Natalie Deford, News Writer

With concerns for the time and costs spent on one’s Pacific Lutheran University experience, a 6-digit registration code is now required for all students regardless of class standing.

In order to register for classes, students must first receive their registration access code from their advisor.

This new policy will start to affect students this spring as they register for fall 2015.

The Admission and Retention of Students (ARTS) Committee asked the Advising Office to generate access codes for everyone.

The ARTS Committee consists of seven elected faculty members, several of whom are advisory members.

Professor Neal Yakelis, chemistry professor and chair to the ARTS Committee, said, “the committee seeks to develop ways to help students persist to complete degrees in a timely manner.”

Yakelis described the previous policy as a loophole in which upper division students did not need registration codes from their advisor in order to register.

He said such students could risk forgetting requirements and subsequently graduate late, which is not cost-effective.

“This was a big concern to us,” Yakelis said. “By expanding the requirement for access codes to everyone, we hope all students will have communication with their advisors.”

Ashley Connors, Associated Students of PLU Senator appointed to the ARTS Committee, emphasized that students are not required to meet with their advisor, but that they are required to communicate their plans.

“If your advisor feels that you have a solid plan for what you’re taking next semester and how you’re going to graduate on time, then they can simply email you your registration code,” Connors said.

Connors expressed a concern for graduation rates at PLU and the amount of students who do not graduate on time.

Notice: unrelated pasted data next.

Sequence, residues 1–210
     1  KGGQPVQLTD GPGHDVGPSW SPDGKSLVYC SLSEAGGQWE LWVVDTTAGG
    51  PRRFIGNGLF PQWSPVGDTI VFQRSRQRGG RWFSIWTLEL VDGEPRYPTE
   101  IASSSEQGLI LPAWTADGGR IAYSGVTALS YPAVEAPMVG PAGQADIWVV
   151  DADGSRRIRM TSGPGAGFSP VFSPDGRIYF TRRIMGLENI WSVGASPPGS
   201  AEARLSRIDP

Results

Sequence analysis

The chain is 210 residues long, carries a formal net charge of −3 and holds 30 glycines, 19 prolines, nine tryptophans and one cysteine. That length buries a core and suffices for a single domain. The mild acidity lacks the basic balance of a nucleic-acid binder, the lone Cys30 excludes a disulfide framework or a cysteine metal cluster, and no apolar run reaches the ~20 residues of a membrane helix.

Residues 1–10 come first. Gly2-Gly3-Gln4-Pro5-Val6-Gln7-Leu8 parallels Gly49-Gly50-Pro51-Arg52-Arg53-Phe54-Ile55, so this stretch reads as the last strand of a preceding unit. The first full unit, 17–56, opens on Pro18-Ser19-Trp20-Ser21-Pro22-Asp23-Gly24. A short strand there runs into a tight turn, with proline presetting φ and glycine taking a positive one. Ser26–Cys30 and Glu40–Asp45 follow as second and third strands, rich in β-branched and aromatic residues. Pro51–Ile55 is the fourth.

“This decision, made by the Admission and Retention of Students Committee with faculty support, is part of an ongoing conversation on how to improve retention and graduation rates at PLU,” she said. “Encouraging students to meet with their advisors and make a plan to graduation is one strategy we’re implementing to increase graduation rates, as well as reduce student debt.”

Connors said another major reason for the policy was transfer students who come in as juniors. Even though this would be their first year at PLU, BannerWeb would consider these students upperclassmen and allow them to register without ever having met an advisor.

“Regularly meeting with your advisor and talking about your plan will help you stay on track for graduation, and possibly reveal ways you could graduate early,” Connors said.

She said there are several additional benefits to meeting with an advisor.

“They can provide suggestions on what classes to take considering your interests, as well as suggest a strategic order in which to take those classes,” Connors said. “They also serve as a second set of eyes on your plan to graduation, making sure you’re not forgetting a GenEd or a major requirement. Major requirements aren’t always straightforward and do change from time to time, so your advisor can help you keep on top of that.”

She said advisors can also help with career exploration by suggesting internships and other opportunities.

Hal DeLaRosby, PLU Academic Advising director, explained how lucky PLU students are to have their advisors.

“This is a hallmark of PLU that students at other universities don’t receive: personalized guidance every semester from an academic advisor to ensure maximum opportunities and experiences in college all while focusing on an on-time graduation,” DeLaRosby said. “Advising is not just about class registration; advising is about the student getting the most out of their college involvement.”

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Samantha Lund was the Editor in Chief at The Mast, a student-run newsroom within Pacific Lutheran University, in 2015-16. Lund created Mast Magazine in 2015 to give students a forum for long form news pieces. She could be found writing for Pacific Lutheran University’s Marketing and Communication site plu.edu or interning at MOViN 92.9’s morning talk show in Seattle. Other places to find her content include: Alaska Airlines blog and website, The News Tribune and The Bremerton Harald.